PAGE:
For Constant conflict is therefore not in itself wrong. At times it is even necessary, but it is inextricably linked with the notion of progress. When conflict is seen as a means to attain a desirable end for humanity, then it is acceptable. It must be stressed, however, that for Constant progress is not always linear. Conflict and war might destroy social institutions without replacing them with any acceptable social organizations, and this can result in a moral regression rather than in a positive development. Or following a period of conflict, a society might reinstate practices and institutions similar to those that were destroyed, meaning that the conflict and struggle were in vain. But in historical terms, Constant believed that progress was made. The advent of Christianity, for example, introduced a “kinder” form of morality, a much needed comfort for those who suffered. The abolition of practices such as human sacrifice and slavery are generally considered to represent positive developments. Further, when a social practice or institution is recognized as morally desirable, or alternatively as undesirable, the beliefs involved cannot be eradicated from our moral and aesthetic consciousness. The impact of Christianity cannot be abolished by the destruction of the Church. In a similar sense, the abolition of slavery as a form of social practice cannot be reversed. That is to say that barring some cataclysmic event that would return us to an age of innocence, we no longer tolerate the ownership of some human beings by other individuals. It might be possible for some despot or tyrant to reestablish the practice of slavery in a limited context, but in general this would be considered wrong and would be condemned. Although the enslavement of individuals was once believed to be a valid form of social organization, it can no longer be so considered for it constitutes an annulment of individual freedom, and one might add, is an affront to our own beliefs concerning freedom and social harmony. For Constant this implies that moral progress is possible and does exist, at least in the context of historical development.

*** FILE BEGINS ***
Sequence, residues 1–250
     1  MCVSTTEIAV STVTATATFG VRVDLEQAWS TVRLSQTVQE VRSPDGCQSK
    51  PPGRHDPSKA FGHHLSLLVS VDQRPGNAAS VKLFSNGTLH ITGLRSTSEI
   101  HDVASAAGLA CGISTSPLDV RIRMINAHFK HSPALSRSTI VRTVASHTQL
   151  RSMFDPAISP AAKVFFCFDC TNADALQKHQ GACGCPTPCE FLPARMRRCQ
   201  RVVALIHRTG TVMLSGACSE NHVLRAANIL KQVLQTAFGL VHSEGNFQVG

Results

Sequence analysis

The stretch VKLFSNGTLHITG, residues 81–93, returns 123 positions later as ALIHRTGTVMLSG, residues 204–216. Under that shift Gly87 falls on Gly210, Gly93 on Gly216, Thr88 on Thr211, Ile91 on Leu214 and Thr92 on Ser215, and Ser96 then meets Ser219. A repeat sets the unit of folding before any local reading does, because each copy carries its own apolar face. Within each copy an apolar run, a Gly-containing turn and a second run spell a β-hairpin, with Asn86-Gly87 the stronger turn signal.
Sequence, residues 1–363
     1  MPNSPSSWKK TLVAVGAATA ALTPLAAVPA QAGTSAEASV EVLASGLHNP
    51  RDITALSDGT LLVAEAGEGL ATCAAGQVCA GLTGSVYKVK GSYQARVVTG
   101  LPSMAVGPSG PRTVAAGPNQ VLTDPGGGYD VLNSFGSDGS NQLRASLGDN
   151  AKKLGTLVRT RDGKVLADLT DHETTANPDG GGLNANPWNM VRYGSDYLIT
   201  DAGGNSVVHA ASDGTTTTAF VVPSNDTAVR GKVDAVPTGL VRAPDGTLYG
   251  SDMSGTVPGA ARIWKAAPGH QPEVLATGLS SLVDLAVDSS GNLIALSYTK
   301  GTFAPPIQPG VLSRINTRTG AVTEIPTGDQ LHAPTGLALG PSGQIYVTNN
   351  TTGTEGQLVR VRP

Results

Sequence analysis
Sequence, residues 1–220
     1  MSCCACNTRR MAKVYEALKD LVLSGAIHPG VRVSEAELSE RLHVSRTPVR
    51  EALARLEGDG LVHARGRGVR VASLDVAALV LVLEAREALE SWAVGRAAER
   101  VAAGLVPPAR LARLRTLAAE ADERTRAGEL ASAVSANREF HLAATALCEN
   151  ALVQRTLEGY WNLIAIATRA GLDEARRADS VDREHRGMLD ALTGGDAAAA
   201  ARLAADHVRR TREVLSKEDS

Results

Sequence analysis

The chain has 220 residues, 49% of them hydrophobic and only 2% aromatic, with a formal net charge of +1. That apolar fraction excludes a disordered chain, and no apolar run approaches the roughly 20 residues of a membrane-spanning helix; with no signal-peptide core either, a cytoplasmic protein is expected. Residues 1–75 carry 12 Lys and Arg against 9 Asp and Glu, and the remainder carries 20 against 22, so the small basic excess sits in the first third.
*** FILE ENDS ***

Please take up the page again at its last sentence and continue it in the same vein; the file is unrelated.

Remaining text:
It is of course easier to judge the events of history than to recognize the agents of social progress in one’s own age. Social strife could simply be caused by a few malcontents, for example, or it could be the beginning of important social changes. To a certain extent this depends on peoples’ beliefs, on their vision of society, and on the number of people who share this belief and this vision. For Constant the “vision” would involve greater respect for individuals and a “kinder” form of morality, but it is conceivable that the means used to achieve the end require hardship, violence and even death. So it is not clear from the outset that proposed changes resulting in conflict will eventually achieve the desired end. It is important to remember that Constant based his theory of “perfectibility” on the study of history. It is the historical method, only recently discovered at the time, that leads Constant to the observation that human society has progressed and continues to progress. Constant himself was not a “visionary” who fought to overthrow social institutions in order to replace them with different ones, as the Anarchists were wont to do in the course of the nineteenth century. He was active in politics, however, and as an elected representative in the Legislative Assembly of the French government, he frequently intervened, by means of speeches and press articles, on the behalf of individuals whom he believed to have been unfairly treated by the forces of law and order. That is to say that Constant continued to protect the freedom of individuals from the arbitrary use of power.